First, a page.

There is nothing in this Church calling for reproof. They were poor as to this world, but rich in faith, suffering much outward persecution and trial. One of these trials was the blasphemy of some calling themselves Jews, who were not; but the Lord assures them that He knows that, and also informs them that the persecution will be only for a limited time — "ten days." He encourages them to "fear not." He presents Himself to them as "the first and the last, which was dead, and is alive," and thus stands on the other side of death with a "crown of life" for any who are faithful unto death. James tells us that God has promised "the crown of life" to "those who love Him," and speaks of it in connection with enduring trial. (James 1:12.)

The overcomer is encouraged and comforted with the assurance, that though he may die the first death for the name of Jesus, yet he "shall not be hurt of the second death."


We have seen that declension of love characterized the first assembly in "the things which are," and persecution with poverty the second. In the third, seducing doctrines, carnality, and worldliness, were inside the assembly. Baalim's doctrine which so successfully damaged and overcame the Israelites, was that God's people might have association with the Moabites — thus they lost their separate position as a people, and fell into grievous sin.

From the Lord presenting Himself as He that hath "the sharp sword with two edges," we might expect there was much to reprove, and so it was. Still, as usual, the Lord commends all He can first. He informs them that He knows that Pergamos is Satan's seat; has not forgotten that one of their company, Antipas, had been a faithful martyr, and that they still hold fast His name, and have not denied His faith. But there were some among them holding the doctrine of Baalim, and others holding the evil doctrines of the Nicolaitanes. The Ephesian saints were commended for hating the deeds of the Nicolaitanes; but, alas! there was now bad doctrine inside the Church. This is very sad, and Christ must deal with such things in His own house. How terrible the thought of Satan having such power in the Church on earth! some like Baalim, seeking to ensnare the sheep and lambs, to turn them to idolatry, and filthiness of flesh and spirit; others were holding an evil doctrine connected with "deeds" which Christ hated. Sooner or later we may expect error in "doctrine" to be connected with evil "deeds."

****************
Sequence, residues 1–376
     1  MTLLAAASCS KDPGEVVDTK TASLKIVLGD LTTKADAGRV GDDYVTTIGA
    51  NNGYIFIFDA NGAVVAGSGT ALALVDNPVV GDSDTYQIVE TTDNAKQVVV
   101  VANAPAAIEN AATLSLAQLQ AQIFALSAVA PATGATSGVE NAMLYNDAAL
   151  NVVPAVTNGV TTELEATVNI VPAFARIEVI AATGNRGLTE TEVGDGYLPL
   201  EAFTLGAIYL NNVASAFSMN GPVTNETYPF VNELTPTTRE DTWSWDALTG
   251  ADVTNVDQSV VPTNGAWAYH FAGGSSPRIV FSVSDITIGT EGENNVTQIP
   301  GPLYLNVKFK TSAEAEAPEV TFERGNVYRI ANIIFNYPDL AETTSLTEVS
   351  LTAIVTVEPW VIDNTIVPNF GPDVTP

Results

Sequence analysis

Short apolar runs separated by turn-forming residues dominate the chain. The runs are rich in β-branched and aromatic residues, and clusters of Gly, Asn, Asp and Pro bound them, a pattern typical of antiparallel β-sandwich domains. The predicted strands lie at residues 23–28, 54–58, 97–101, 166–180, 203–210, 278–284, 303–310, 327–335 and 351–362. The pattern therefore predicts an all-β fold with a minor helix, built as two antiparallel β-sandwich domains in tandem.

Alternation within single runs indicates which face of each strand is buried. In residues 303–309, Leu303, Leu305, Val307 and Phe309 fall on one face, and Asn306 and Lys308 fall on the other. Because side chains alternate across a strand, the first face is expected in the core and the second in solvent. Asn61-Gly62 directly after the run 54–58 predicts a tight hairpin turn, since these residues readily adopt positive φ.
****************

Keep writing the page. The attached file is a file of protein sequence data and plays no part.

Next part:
As we might suppose, Christ calls upon the assembly to repent, and threatens to fight against them (the holders of evil doctrine) if there be not repentance.

The overcomer is promised to feast on "the hidden manna;" this may be the unrevealed glory and beauty of Christ, the Sustainer of His people. The "white stone" may teach us that he is to be publicly and specially honoured before men. He is also to have a "new name, which no one knoweth saving he which receiveth it." Jacob had a new name — "Thy name shall be called no more Jacob, but Israel; for as a prince hast thou power with God and with men, and hast prevailed." Whoever knew the depth and meaning of this new name like Jacob, the supplanter, who received it?

We may notice, that after this third address a promise is not given after the exhortation, "He that hath an ear," etc., but before it. This divides the seven addresses into three and four. The sevens in this book are often divided in this way. It is also important to observe that each of the remaining assemblies has the coming of the Lord or His reign set before it; intimating that the principles of these four assemblies go on to the end.


Here we have a greater power of Satan and evil within the assembly; it becomes the birth-place of evil. The Lord, therefore, introduces Himself not only as the Searcher out of evil, but as mighty to judge and crush under His feet — "the Son of God, who hath His eyes like unto a flame of fire, and His feet like fine brass." There were some points in these saints worthy of commendation — faith, love, patience, zeal, and continuance in the service of God; but there was also something very false and evil in their midst. The spirit of wicked Jezebel had been terribly at work, and brought forth children. The mother of harlots is here. Her assumption had been tolerated; her adulterous and idolatrous principles taught. Some had been led away, and had fallen into her uncleanness. Their spiritual adultery was flagrant; not only the friendship of the world, but friendship with the world. Like as in Ahab's day, the teaching and authority of God were set aside by the idolatry and religion of the world. What is so bad as the world's religion?